Yet, being above them, he shall be below theni;
From others he shall stand in need of nothing,
Yet on his brothers shall depend for clothing.
To find a foe it shall not be his har ;
And peace shall lull him in her flow'ry lap;
Yet shall he live in strife, and at his door
Devoaring war shall never cease to roar;
Yea, it shall be his natural property
To harbor those that are at enmity.
What pow'r, what force, what mighty spell, if not
Your learned hands, can loose this Gordian knot ?"

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The next Quantity and Quality spoke in prose, then Relatiop

was called by his name.

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RIVERS, arise; whether thou be the son
Of utmost Tweed, or Oose, or Gulphy Dun,
Or Trent, who, like some carth-born giant, spreads
His thirty arms along th' indented meads;
Or sullen Mole, that runneth underneath;
Or Severn swift, guilty of maideu's death ;
Or rocky Avon, or of sedgy Lee,
Or coaly Tine, or ancient hallow'ol Dee;
Or Humber loud, that keeps the Scythian's nanie;
Or medway smooth, or royal-tow'red Thame.

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{The rest was prose.]

III.

ON THE MORNING.

OP

CHRIST'S NATIVITY.

Composed 1629.

I.

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THIS is the month, and this the happy morn,
Wherein the Son of Hear'n's eternal King,
Of wedded Maid and Virgin Mother horn,
Our great redemption from above did bring ;
For so the holy sages once did sing,

That he our deadly forfeit should release,
And with his father work us a perpetual peace.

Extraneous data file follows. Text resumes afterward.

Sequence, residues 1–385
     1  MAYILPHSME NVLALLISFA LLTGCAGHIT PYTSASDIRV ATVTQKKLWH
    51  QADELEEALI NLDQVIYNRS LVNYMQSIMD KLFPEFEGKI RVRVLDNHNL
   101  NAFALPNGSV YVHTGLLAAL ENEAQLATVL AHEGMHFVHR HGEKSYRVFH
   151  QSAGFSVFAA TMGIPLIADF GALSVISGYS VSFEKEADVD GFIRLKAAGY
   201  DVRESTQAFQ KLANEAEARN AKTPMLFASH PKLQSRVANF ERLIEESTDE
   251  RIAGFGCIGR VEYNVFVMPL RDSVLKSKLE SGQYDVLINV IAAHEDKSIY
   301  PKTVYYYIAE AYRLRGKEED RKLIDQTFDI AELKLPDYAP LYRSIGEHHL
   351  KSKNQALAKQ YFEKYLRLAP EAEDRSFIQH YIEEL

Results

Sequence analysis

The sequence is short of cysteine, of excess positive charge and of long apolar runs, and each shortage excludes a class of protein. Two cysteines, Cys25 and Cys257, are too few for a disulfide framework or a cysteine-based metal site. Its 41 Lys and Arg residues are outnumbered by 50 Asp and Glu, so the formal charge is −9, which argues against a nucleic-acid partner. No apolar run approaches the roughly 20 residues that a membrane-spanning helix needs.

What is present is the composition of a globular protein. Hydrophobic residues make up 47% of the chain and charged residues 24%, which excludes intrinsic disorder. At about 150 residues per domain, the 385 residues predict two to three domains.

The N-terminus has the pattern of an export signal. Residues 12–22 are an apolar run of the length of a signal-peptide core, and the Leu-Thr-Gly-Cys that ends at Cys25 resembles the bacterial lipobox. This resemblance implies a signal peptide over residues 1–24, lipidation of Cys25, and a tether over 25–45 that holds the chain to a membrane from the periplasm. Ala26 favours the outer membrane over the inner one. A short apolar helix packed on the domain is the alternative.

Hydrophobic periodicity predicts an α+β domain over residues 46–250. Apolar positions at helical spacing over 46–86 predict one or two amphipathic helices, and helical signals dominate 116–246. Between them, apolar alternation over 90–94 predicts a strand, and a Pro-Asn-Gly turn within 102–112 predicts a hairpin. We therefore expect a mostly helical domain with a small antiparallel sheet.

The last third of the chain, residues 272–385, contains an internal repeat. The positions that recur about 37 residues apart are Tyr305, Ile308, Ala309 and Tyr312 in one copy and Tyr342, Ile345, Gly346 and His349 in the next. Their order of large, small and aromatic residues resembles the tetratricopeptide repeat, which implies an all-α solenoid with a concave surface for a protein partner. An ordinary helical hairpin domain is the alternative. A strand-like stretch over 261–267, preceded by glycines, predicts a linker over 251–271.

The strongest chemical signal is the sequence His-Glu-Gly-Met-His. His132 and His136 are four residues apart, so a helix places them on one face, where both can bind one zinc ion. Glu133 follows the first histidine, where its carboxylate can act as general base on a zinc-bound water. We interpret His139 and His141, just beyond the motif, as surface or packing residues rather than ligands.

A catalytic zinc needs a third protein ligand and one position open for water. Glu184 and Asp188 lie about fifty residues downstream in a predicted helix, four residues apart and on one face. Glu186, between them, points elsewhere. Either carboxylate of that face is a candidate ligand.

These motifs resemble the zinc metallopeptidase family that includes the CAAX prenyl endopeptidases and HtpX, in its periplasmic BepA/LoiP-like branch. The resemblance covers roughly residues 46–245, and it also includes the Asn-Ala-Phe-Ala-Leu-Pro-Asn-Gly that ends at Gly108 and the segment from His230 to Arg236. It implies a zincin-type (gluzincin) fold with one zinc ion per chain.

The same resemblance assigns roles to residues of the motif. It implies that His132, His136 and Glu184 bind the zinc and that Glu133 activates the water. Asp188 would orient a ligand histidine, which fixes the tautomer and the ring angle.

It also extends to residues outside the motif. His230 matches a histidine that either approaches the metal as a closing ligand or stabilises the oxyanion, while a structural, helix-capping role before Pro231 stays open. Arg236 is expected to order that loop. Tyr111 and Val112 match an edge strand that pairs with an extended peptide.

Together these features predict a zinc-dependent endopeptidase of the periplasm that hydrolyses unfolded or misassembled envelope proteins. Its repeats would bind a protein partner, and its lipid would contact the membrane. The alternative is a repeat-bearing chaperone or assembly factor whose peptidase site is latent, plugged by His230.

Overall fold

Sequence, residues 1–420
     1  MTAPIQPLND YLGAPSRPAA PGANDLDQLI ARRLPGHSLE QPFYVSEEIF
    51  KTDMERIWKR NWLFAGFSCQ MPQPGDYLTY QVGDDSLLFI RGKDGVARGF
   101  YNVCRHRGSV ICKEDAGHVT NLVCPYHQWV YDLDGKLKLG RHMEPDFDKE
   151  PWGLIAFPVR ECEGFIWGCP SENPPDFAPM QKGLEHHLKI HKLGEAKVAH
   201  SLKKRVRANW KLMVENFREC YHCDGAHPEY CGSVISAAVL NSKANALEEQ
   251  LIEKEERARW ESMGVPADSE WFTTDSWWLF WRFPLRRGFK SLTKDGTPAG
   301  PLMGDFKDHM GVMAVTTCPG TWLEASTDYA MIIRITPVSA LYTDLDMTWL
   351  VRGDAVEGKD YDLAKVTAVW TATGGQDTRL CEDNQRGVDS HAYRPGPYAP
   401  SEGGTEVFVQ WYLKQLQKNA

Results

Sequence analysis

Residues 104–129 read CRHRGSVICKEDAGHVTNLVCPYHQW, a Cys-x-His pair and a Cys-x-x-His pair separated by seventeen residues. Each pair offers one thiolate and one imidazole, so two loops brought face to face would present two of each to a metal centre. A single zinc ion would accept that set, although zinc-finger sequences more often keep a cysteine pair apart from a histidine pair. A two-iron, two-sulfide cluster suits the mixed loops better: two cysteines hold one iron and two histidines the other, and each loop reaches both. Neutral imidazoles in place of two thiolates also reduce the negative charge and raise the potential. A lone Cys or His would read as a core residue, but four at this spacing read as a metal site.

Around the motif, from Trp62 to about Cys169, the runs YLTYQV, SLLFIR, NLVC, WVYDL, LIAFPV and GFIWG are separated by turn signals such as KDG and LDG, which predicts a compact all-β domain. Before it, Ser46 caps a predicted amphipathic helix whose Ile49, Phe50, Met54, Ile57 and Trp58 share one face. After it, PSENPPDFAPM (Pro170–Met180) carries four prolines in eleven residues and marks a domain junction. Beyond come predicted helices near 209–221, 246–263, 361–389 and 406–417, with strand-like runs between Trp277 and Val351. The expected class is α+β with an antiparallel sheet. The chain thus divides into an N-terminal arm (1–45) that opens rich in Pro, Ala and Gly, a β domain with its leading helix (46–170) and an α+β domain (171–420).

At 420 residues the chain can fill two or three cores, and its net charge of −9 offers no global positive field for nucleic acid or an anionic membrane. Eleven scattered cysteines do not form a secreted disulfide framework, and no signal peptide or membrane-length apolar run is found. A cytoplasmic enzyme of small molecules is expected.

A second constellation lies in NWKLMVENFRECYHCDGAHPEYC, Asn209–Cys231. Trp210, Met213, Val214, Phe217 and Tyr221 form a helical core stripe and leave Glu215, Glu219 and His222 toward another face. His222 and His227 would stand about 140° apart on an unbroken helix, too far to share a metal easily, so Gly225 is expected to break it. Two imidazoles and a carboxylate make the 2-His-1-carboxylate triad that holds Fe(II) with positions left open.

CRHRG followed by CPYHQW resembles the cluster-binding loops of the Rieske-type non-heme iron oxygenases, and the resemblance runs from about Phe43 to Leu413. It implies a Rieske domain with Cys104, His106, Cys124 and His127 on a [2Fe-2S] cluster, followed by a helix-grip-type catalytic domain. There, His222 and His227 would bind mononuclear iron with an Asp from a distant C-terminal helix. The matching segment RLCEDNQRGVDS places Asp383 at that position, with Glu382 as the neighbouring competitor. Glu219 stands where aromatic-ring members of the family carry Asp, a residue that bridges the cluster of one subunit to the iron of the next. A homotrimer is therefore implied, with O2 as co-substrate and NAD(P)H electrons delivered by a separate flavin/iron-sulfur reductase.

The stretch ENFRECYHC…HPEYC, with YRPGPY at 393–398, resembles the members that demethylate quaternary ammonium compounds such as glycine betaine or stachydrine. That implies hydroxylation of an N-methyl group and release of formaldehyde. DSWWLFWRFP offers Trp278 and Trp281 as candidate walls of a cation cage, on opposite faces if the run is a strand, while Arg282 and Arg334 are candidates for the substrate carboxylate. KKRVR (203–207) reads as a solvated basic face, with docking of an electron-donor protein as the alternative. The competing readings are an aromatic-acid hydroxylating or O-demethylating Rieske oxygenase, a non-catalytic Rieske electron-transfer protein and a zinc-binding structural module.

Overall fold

II.
That glorious form, that light unsufferable,
And that far-beaming blaze of majesty,
Wherewith he wont at Heav'n's high council-table
To sit the midst of Trinal Unity,
He laid aside; and, here with us to be,

Forsook the courts of everlasting day,
And chose with us a darksome house of mortal clay.

III.
Say, heav'nly Muse, shall not thy sacred vein
Afford a present to the infant God?
Hast thou no verse, no hymn, or solemn strain,
To welcome him to this his new abode,
Now while the heav'n, by the sun's team untrod,

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Hath took no print of the approaching light, 20 And all the spangled hosts keep watch in squadrons bright?

IV.
See, how from far, upon the eastern road,
The star-led wizards haste with odours sweet:
O run, prevent them with thy humble ode,
And lay it lowly at his blessed feet;

23 Have thou the honour first thy lord to greet,

Aud joiy thy voice unto the angel quire,
From out bis secret altar touch'd with hallow'd fire,

THE HYMN.

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I.
IT was the winter wild,
While the Heav'n-born child

All meanly wrapt in the rude manger lies;
Nature, in awe to him,
Had doft'd ber gaudy trim

With her great Master so to sympathise;
It was no seasop then for her
To wanton with the sun, her lusty paramour.

II.
Only with speeches fair
She wooes the gentle air

To hide her guilty front with innocent snow;
And on her naked shame,
Pollute with sinful blame,

The saintly veil of maiden white to throw;
Confounded, that her Maker's eyes
Should look so near upon her foul deformities.